Bridezilla With A Difference

There’s the cliché, isn’t there, that all women turn into bridezillas in the weeks and months (and sometimes years) leading up to their weddings. They’re so fixated on getting everything just perfect that they lose all sense of proportion, reason, and decency whenever anything remotely related to the Big Day is mentioned.

I didn’t think I was doing that. In fact, I’ve been trying really hard not to.


J and I have sporadically been talking about the music that we’d like to have at various stages of our wedding and reception. It’s just as well we started early, as perhaps inevitably there have been a few differences of opinion. The movement of Bach that I’d’ve loved to have at the end of the ceremony got turned down because it “sounded like the Antiques Roadshow theme tune”*. J, on the other hand, likes The Turtles’ ‘Guide for the Married Man’. Discussions continue.

One of the classic things that couples having dancing at their reception have to decide upon is a tune for the ‘first dance’, whereupon the four left feet of the newly wedded couple are under the scrutiny of an entire hall of guests. Despite the fact that ceilidh tunes do not classically lend themselves to romantic waltzing, J and I both quite like the idea of having a first dance, but it obviously needs to be in keeping with the music that follows.

We have now booked the band for the evening. In the initial email correspondance, I asked them whether they could suggest any waltzes that they might normally play at that stage of the evening, but the question got lost among other discussions. So I got my thinking cap on, and for a long while came up with nothing… until bam, it hit me! The perfect tune, which J knows and likes too!

And at this point, I have completely, unwittingly turned into bridezilla, albeit with less conventional tastes than many. I need to be back in touch with the band. I don’t even know whether they read music (as many folk musicians don’t) nor less be comfortable with a classical arrangement, but already I have been into the Central Library in town, borrowed the appropriate score, and started an arrangement (which could just really do with a ‘cello to bulk out the bass line, and I know lots of people who play the ‘cello, and I’m sure they could put it together on the day), and I’m already clapping my hands with glee at the sheer brilliance of the plan, and I’m going to be so disappointed if things don’t come together, and can’t they just make a special effort because it would be so perfect?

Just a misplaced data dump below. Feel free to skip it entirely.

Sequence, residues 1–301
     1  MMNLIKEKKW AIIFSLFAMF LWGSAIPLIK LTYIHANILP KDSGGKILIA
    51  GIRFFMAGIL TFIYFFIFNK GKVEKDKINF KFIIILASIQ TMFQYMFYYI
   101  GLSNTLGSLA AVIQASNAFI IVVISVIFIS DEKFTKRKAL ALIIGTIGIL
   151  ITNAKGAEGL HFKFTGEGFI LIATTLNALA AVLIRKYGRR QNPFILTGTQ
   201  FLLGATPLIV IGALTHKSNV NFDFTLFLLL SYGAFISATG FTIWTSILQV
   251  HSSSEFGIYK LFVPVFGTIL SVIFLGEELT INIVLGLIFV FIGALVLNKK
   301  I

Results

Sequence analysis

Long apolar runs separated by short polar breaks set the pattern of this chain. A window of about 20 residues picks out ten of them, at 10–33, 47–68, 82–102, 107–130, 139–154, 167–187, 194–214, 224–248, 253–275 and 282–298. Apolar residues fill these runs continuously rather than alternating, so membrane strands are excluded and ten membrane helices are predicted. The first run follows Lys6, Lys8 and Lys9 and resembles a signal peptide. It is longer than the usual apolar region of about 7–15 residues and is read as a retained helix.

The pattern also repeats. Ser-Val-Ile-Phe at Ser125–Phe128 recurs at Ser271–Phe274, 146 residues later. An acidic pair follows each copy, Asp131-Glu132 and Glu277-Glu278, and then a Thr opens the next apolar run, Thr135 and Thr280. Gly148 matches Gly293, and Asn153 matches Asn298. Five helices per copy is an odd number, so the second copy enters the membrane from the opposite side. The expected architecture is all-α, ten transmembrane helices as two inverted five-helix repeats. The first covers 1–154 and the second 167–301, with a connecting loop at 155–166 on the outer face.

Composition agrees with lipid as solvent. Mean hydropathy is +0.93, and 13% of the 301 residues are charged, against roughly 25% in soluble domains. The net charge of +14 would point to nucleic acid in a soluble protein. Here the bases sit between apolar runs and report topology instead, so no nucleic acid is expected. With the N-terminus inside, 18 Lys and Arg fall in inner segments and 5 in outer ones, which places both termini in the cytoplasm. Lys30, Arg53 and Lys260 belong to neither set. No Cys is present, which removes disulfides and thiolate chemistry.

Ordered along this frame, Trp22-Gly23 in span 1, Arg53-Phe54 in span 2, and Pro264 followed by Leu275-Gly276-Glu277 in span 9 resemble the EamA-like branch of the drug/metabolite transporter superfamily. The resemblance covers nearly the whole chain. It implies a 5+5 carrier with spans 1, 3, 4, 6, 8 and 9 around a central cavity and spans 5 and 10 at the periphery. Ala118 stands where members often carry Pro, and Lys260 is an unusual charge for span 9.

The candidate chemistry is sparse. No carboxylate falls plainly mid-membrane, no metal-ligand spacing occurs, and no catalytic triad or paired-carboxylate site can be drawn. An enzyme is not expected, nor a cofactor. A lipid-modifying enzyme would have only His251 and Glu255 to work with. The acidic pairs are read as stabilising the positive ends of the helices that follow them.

*ie. was trumpet based and in a major key; if you ask me it sounds nothing like the Antiques Roadshow at all! Compare this and this.


4 Comments (+add yours?)

  1. Jenny
    Mar 14, 2011 @ 08:19:27

    Ask them if they know the Rosa waltz. It gets played at a lot of ceilidhs I’ve been to; but that may be because a lot of ceilidhs have been called by Gordon Potts. Although I am intrigued by your plan (and I am a cellist :P)! Xx


  2. kat
    Mar 14, 2011 @ 11:41:52

    mini bridezilla aww but oddly enough if there was any area I saw you going zilla on it would be music 😛


  3. Lil
    Mar 16, 2011 @ 16:14:52

    Everyone gets to be a bridezilla about something or other!!
    Lil (from TSF)


  4. J
    Mar 16, 2011 @ 17:35:33


    1. The Bach and The Turtles were never going to be in the same place – it’s not a fair comparison. The Bach was for after the ceremony as people are signing the certificate, The Turtles for as people were arriving for the reception (along with loads of different pieces). Different contexts, different moods. I never said we should have the latter instead of the former.

    2. I’m not the only one who commented on the similarity between the Bach and Antique’s Roadshow.

    3. I think the Bach is also the wrong mood for the occassion – I think we’d want something more sedate and quiet than a trumpet fanfare after the silent worship. It would be wrong.


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